Health care utilization and health-seeking behaviors may have also differed among men and women. For example, men may have been more likely to have money to pay for chemotherapy than women, perhaps contributing to the higher rate of clinical improvement we observed in men. Additionally, women tend to have greater exposure to HIV testing as routine counseling and testing has been applied to perinatal settings, and this may have allowed for both a greater number of KS cases and perhaps earlier stage disease to be identified among women. The frequency of clinic attendance after KS diagnosis could also influence the likelihood of receiving treatment or observing an “improved” response, but we found no difference in follow-up time between men and women in our cohort. Future prospective studies should also capture detailed data on health care utilization patterns to carefully evaluate their impact on KS outcomes in men and women.
Our study has several important limitations. As a retrospective chart review, our study is subject to incomplete data which may have led to misclassification of presentation or response variables, and consequently limited our ability to observe important associations. In particular, complete ACTG staging was not available for patients and there was limited assessment of visceral KS involvement in this cohort. Our classification of “improvement” relied on clinician documentation in charts, and it is possible that changes in lesion size, lesion number, or edema were not consistently documented in the medical record. Underestimating “improvement” should lead to a conservative misclassification, however, and would diminish the apparent difference in clinical improvement between men and women. Further, we could not reliably determine other important outcome measures, including mortality, because we were unable to ascertain if loss to follow up was due to death or another factor. Clinical improvement as defined by any lesion regression may not correspond to survival benefit, so it will be important to evaluate survival in future studies.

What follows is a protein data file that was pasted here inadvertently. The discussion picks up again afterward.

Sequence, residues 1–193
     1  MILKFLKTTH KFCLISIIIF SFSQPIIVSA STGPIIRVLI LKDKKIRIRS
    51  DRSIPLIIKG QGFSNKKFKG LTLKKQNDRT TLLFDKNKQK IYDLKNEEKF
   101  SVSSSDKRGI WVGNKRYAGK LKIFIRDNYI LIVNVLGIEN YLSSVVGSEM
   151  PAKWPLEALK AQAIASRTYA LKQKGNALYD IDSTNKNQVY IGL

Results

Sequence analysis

Despite these limitations, our study supports the hypothesis that gender affects the pathophysiology of HIV-associated KS. Our findings suggest that it may be possible to prevent many cases of KS in HIV-infected women if they are able to initiate ART at higher CD4 T-cell counts, as recommended by international guidelines 
, and that clinicians caring for HIV-infected women in KS-endemic areas should carefully examine the hard palate for earlier detection of KS. Prospective studies are needed to identify predictors of response and to evaluate response to treatment in women with KS, particularly in Africa where the disease burden is greatest. Such studies will not only address potential gender disparities in KS management, but will also provide an unprecedented opportunity to gain insight into the basic pathophysiology of KS by exploring gender differences in a disease that, prior to the AIDS epidemic, was almost exclusively found in men.